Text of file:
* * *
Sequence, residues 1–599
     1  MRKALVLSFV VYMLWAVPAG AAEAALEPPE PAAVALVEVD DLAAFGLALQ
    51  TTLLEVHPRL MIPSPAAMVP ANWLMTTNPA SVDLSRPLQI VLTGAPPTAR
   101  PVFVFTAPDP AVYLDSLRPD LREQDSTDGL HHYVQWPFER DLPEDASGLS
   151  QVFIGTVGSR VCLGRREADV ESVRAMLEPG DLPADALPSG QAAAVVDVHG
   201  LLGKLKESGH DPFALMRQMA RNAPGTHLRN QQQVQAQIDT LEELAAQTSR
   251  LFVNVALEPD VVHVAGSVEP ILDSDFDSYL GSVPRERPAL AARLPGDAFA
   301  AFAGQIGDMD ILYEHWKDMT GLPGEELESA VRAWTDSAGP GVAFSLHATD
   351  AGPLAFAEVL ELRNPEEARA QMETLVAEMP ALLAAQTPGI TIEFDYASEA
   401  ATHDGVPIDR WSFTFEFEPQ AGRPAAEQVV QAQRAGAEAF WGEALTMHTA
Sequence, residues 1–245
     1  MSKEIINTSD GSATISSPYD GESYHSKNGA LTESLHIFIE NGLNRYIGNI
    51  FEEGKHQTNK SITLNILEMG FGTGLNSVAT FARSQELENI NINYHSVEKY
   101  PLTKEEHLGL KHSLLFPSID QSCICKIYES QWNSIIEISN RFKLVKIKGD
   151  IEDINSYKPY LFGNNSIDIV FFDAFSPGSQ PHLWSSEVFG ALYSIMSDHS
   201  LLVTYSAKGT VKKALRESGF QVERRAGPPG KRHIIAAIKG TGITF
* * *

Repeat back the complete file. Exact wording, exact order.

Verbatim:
Sequence, residues 1–599
     1  MRKALVLSFV VYMLWAVPAG AAEAALEPPE PAAVALVEVD DLAAFGLALQ
    51  TTLLEVHPRL MIPSPAAMVP ANWLMTTNPA SVDLSRPLQI VLTGAPPTAR
   101  PVFVFTAPDP AVYLDSLRPD LREQDSTDGL HHYVQWPFER DLPEDASGLS
   151  QVFIGTVGSR VCLGRREADV ESVRAMLEPG DLPADALPSG QAAAVVDVHG
   201  LLGKLKESGH DPFALMRQMA RNAPGTHLRN QQQVQAQIDT LEELAAQTSR
   251  LFVNVALEPD VVHVAGSVEP ILDSDFDSYL GSVPRERPAL AARLPGDAFA
   301  AFAGQIGDMD ILYEHWKDMT GLPGEELESA VRAWTDSAGP GVAFSLHATD
   351  AGPLAFAEVL ELRNPEEARA QMETLVAEMP ALLAAQTPGI TIEFDYASEA
   401  ATHDGVPIDR WSFTFEFEPQ AGRPAAEQVV QAQRAGAEAF WGEALTMHTA
Sequence, residues 1–245
     1  MSKEIINTSD GSATISSPYD GESYHSKNGA LTESLHIFIE NGLNRYIGNI
    51  FEEGKHQTNK SITLNILEMG FGTGLNSVAT FARSQELENI NINYHSVEKY
   101  PLTKEEHLGL KHSLLFPSID QSCICKIYES QWNSIIEISN RFKLVKIKGD
   151  IEDINSYKPY LFGNNSIDIV FFDAFSPGSQ PHLWSSEVFG ALYSIMSDHS
   201  LLVTYSAKGT VKKALRESGF QVERRAGPPG KRHIIAAIKG TGITF